“Because they always hold their neck in that way, one muscle doesn’t get as long, so they induce torticollis,” Cunningham says. “I refer to it as secondary torticollis because babies don’t start out with any kind of problem””they cause it by always sleeping in one position and reducing their range of motion.”

How to identify if your baby has plagiocephaly

A normal infant’s skull is perfectly round in the back and asymmetrical on the left and right sides. But if your baby has plagiocephaly, the flattened spot has a noticeable lesser amount of hair. While doctors can easily detect this during routine check-ups, you as a parent can help distinguish it as well. “Anytime a parent notices that the back of the skull is looking asymmetric, they should bring it up with their doctor,” Cunningham says.

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How to treat or prevent it

There are ways to treat plagiocephaly such as:

1. Physical Therapy or Home Exercises

If the baby has asymmetric neck muscles, doctors may recommend physical therapy or some exercises you can do at home to strengthen the muscles and improve his/her range of motion.

2. Cranial Orthotic Therapy

For more serious cases, doctors may recommend cranial orthotic therapy which makes use of a baby helmet that looks like a mini-skateboard helmet.

Cunningham explains: “It’s like growing an apple in a bottle. As baby’s brain grows and pushes out against the skull, the pressure of the helmet helps force the bones, and therefore baby’s head, to grow into the more normal shape the helmet provides.”

The treatment usually starts between 4 and 6 months.

3. Don’t place pillows in baby’s sleep area.

While mums usually want to do this trick to keep their baby in place, the National Institutes of Health advises against it as this can be a SIDS risk.

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4. Tummy time

Through repositional therapy, you can try to prevent your baby from lying on the flattened spot all the time by turning his/her head the other way when sleeping or put him/her on his/her belly. Or better yet, spend some tummy time with him/her. You can even take advantage of this position to bond with your bub.

However, never place them to sleep on their belly to avoid a SIDS risk.

5. Hold them often and in an upright position.

Carry them often and hold them in an upright position so they don’t stay or lie too long in their crib, infant seat or swing. This lessens the presure of those things on their head. And you can also bond with them too.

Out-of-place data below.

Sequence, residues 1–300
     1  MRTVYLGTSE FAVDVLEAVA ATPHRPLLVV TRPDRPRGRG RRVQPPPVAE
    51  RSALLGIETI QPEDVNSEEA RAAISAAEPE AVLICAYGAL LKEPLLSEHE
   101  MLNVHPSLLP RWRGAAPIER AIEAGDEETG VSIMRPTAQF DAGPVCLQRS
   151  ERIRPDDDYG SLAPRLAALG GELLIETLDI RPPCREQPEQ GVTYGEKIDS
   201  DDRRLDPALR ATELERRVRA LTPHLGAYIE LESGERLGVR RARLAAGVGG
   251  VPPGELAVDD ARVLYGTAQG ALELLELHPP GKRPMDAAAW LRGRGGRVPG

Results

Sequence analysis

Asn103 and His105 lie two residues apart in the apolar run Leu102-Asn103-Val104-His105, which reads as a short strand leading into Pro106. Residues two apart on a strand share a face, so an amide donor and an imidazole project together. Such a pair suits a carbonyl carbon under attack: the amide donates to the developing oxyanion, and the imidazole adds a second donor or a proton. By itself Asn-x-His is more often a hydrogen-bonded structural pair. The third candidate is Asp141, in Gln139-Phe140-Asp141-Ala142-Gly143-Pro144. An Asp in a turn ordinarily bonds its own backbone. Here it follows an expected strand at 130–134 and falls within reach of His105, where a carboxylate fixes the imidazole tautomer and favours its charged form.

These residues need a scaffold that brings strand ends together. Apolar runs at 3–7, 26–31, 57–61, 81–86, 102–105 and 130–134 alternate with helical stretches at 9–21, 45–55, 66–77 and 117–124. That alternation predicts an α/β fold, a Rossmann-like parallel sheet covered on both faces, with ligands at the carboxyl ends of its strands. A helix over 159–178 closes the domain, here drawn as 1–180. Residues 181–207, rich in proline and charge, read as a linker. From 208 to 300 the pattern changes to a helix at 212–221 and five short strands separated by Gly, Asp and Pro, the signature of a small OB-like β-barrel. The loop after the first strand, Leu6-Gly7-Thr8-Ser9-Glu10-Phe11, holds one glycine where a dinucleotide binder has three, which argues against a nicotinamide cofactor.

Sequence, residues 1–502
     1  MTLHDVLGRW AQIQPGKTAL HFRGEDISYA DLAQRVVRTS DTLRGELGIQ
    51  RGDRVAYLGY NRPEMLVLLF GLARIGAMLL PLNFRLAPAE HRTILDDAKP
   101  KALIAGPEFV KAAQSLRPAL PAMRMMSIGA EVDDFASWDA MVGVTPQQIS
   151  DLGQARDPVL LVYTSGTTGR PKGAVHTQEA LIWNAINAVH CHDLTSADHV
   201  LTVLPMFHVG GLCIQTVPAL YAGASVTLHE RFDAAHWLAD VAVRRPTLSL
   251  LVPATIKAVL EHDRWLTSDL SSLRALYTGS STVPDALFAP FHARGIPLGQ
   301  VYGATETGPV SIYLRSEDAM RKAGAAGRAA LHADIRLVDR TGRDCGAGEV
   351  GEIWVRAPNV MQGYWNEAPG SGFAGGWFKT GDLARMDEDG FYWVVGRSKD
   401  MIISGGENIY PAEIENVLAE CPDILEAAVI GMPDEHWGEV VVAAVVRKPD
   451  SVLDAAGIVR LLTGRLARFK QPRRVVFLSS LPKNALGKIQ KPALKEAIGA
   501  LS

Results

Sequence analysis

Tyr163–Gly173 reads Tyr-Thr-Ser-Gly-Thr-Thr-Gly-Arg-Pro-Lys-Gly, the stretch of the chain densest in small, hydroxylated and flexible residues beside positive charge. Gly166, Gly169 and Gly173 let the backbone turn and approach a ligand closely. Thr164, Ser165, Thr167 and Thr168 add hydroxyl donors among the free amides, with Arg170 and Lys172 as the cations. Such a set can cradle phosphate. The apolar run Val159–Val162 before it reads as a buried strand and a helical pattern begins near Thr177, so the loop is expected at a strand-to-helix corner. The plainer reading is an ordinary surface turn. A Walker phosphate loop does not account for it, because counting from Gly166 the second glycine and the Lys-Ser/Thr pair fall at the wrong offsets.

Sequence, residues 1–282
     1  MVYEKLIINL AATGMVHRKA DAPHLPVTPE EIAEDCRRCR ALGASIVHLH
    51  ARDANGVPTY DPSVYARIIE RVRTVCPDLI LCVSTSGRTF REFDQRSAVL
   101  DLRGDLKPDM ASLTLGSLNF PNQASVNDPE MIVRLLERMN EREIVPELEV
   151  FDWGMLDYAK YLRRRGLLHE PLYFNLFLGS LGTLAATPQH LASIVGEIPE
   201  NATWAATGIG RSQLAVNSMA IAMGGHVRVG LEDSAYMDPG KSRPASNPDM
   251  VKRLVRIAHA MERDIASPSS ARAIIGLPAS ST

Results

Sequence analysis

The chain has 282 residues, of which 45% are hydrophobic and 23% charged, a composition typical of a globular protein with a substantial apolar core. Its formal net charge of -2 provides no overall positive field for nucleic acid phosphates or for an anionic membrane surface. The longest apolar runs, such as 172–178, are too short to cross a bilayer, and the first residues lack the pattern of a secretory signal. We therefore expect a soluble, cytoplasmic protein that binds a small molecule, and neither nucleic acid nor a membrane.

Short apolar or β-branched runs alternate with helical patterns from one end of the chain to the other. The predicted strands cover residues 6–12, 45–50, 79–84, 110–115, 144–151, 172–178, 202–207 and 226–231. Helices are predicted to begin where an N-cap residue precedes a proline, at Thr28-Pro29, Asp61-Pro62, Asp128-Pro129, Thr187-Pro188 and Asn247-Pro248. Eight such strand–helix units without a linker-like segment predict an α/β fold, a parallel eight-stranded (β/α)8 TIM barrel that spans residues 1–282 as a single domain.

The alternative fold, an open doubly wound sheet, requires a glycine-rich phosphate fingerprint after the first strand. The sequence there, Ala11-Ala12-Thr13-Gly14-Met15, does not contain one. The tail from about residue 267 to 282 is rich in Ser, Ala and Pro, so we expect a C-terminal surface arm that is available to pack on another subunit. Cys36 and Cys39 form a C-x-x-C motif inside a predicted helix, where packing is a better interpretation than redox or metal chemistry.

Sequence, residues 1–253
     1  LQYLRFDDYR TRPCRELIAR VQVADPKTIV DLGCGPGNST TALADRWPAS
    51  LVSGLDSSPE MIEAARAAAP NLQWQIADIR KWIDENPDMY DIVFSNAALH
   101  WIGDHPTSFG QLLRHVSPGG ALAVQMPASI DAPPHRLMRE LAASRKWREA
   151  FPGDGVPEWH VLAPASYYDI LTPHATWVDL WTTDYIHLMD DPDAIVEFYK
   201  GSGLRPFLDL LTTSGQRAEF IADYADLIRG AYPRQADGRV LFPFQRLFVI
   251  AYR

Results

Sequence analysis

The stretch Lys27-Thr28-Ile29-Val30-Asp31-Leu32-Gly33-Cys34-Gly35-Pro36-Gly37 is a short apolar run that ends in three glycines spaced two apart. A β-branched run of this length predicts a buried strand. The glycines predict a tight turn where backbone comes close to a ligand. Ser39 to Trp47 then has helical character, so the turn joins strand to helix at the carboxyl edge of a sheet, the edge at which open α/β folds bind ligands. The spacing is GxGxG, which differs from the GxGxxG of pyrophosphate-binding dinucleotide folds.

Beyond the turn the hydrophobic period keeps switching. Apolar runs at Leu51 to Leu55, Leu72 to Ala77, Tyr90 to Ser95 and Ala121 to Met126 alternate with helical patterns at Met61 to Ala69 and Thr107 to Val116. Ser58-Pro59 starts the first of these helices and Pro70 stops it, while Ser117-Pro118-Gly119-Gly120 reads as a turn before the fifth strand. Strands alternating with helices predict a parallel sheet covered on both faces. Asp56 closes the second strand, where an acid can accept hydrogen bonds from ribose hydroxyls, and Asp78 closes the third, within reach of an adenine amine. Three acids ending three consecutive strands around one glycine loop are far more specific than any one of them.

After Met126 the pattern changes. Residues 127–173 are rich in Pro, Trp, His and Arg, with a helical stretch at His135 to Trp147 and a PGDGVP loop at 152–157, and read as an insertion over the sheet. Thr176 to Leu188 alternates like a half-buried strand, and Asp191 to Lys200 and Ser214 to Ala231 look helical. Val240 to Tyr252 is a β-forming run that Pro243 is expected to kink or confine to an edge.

6. Change the surroundings of your baby’s sleeping area occasionally.

Rearranging your baby’s sleeping area, such as relocating their mobiles or other sources of visual stimulation can help get your baby interested in his/her area, which means there’s more eye and muscle development, keeping your baby from regularly looking in the same direction, thus, less time lying and staying at the same spot for a long time.

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7. When feeding, don’t let your baby stay on one side.

Switch arms or change his/her position each time you feed your baby. While this keeps pressure from building on one side, it also helps in the equal visual development of both eyes as each eye will take turns in seeing the view of the surroundings (more common in breastfeeding babies).

If you become concerned about any symptoms, please seek immediate medical attention. We have some hotlines and suggested websites for further information and advice.

SAHM takes no responsibility for any illness, injury or death caused by misuse of this information.  All information provided is correct at time of publication.Help! My Baby Has a Flat Head! | Stay At Home Mum

Jody Allen
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Jody Allen

Jody Allen is the founder of Stay at Home Mum. Jody is a five-time published author with Penguin Random House and is the current Suzuki Queensland Amb...Read Moreassador. Read Less